Teenage reality star Jackie Evancho, who flouted a celebrity boycott to perform at Donald Trump’s inauguration, has said she still hasn’t heard from Trump about an agreed meeting.
16-year-old America’s Got Talent singer Evancho was one of the only acts to perform at the Trump inauguration last month.
The singer’s decision to perform baffled many as she has a transgender sister, Juliet Evancho – whose rights were expected to be harmed under Trump administration plans.
But Trump has since agreed to meet with the singer, after she appealed to him to talk about trans rights.
Now appearing on the View, she says the President is still ignoring her pleas to talk about transgender issues.
She says: “We would make him aware of what, me, as a transgender person, and [Jackie] have experienced at our school since all the turmoil happened. I’ve had things thrown at me. I got hard candy pelted at the back of my head,” adding: “They started throwing trash at me.”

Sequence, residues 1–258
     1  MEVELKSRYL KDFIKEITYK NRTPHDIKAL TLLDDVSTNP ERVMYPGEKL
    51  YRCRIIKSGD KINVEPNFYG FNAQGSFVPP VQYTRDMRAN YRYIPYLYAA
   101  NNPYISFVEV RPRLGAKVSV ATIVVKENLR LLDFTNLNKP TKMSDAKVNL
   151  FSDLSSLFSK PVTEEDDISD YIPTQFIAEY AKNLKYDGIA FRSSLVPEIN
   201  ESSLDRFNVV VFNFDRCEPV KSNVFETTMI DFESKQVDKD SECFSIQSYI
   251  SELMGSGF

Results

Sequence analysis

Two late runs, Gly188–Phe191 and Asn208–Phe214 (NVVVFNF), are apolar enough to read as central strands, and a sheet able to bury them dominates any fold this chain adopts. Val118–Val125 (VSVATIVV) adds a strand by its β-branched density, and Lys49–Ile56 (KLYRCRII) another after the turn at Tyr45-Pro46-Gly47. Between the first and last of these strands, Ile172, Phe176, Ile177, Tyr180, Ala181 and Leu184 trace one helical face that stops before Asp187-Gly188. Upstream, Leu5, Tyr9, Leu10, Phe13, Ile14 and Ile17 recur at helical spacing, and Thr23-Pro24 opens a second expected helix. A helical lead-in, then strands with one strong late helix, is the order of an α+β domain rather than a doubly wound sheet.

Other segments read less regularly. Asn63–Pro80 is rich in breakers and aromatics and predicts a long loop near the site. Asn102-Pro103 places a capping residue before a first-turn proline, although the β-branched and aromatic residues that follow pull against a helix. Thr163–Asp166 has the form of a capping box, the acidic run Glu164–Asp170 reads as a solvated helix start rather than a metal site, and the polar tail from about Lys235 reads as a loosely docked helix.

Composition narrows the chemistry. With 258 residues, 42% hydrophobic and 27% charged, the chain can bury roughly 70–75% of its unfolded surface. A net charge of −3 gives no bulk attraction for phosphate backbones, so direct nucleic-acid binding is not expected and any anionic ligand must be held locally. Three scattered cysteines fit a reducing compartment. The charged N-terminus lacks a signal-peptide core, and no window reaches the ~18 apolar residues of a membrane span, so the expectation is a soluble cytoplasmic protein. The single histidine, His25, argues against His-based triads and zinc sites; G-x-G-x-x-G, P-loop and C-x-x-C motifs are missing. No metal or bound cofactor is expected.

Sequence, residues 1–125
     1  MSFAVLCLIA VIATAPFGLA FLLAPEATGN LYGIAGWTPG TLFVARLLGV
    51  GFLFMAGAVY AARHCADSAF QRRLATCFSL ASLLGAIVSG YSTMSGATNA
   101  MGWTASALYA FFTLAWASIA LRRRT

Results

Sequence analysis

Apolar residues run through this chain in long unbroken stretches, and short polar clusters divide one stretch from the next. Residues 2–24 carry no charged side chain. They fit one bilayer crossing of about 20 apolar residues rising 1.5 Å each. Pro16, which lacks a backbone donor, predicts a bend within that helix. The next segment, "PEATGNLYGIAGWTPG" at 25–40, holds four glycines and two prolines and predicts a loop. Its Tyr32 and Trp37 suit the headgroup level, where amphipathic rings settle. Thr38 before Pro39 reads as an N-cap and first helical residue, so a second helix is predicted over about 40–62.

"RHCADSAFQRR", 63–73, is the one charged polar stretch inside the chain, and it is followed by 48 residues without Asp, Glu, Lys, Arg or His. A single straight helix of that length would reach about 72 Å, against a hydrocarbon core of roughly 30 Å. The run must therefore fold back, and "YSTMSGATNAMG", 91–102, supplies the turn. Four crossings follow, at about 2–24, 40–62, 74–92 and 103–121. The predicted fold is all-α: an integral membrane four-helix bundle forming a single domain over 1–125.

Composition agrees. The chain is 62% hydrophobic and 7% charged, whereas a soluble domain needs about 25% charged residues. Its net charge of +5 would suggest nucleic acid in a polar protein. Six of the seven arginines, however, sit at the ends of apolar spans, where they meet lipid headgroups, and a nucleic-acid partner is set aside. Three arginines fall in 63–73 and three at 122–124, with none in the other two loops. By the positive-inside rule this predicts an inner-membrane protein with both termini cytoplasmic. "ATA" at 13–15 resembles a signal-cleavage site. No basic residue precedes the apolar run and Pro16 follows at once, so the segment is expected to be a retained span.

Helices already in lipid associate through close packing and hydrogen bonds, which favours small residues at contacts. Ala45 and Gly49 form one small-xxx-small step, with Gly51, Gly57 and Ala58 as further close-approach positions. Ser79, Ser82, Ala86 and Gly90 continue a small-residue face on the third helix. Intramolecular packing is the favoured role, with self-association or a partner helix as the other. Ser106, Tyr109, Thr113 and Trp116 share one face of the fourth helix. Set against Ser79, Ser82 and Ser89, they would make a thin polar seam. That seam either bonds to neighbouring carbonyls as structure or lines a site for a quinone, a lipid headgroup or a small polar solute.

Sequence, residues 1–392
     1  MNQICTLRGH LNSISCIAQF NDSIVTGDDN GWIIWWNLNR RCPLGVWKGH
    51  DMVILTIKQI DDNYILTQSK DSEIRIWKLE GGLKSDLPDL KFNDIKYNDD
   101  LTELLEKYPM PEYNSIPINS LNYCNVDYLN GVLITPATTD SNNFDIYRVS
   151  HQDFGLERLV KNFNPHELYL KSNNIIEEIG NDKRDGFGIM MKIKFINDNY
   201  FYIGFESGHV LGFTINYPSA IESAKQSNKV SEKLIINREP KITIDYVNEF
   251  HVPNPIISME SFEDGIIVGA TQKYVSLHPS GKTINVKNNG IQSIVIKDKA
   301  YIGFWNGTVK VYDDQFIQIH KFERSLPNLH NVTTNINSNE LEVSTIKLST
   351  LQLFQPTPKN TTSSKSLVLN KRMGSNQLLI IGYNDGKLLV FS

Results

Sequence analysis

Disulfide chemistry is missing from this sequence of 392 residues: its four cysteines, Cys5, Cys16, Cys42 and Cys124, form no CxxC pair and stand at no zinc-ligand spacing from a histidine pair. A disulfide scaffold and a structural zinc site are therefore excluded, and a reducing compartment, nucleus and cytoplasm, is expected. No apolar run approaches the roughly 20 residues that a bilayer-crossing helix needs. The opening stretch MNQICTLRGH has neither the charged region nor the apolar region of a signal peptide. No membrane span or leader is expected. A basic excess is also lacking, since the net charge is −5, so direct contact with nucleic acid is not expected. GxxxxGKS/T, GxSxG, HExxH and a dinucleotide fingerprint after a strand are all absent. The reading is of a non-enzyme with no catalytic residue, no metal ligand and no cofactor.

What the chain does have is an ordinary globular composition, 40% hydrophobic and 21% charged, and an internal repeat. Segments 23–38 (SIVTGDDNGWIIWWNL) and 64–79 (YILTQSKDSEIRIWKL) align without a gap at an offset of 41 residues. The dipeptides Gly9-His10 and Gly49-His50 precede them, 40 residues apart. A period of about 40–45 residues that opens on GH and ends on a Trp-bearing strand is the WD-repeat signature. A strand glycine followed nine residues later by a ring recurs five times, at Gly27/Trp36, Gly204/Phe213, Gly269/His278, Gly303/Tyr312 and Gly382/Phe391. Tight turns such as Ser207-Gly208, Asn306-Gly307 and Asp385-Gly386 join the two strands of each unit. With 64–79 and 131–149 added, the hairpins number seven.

Sure enough, earlier this year Trump officially rolled back protections for transgender children like Juliet in schools, issuing an order to reverse discrimination protections put in place by Barack Obama.
Jackie Evancho tweeted following the announcement: “I am obviously disappointed in the @POTUS decision to send the #transgender bathroom issue to the states to decide. #sisterlove
“@realDonaldTrump u gave me the honor 2 sing at your inauguration. Pls give me & my sis the honor 2 meet with u 2 talk #transgender rghts”.
President Trump has since responded to say that he would “welcome” Jackie and her sister Juliet to a meeting to discuss trans rights.
White House press secretary on Thursday said during the daily press briefing: “Yeah, I think the president would be welcome to meet with her.”
Juliet Evancho is currently embroiled in a legal battle with her school over her right to use the female bathroom – and will now likely face opposition from Trump’s Attorney General if the case reaches federal court.
Jackie previously said she could “100 percent” support her sister’s fight for legal rights and sing for Trump at the same time.
She said: “For me it’s not political It’s just accepting people for who they are… I just kind of thought that this [performance] is for my country, so if people are going to hate on me it’s for the wrong reason.”
The girls’ dad Mike Evancho said: “We’re fighting this discrimination at the high school… it doesn’t matter who’s going into office, we would still fight that fight.”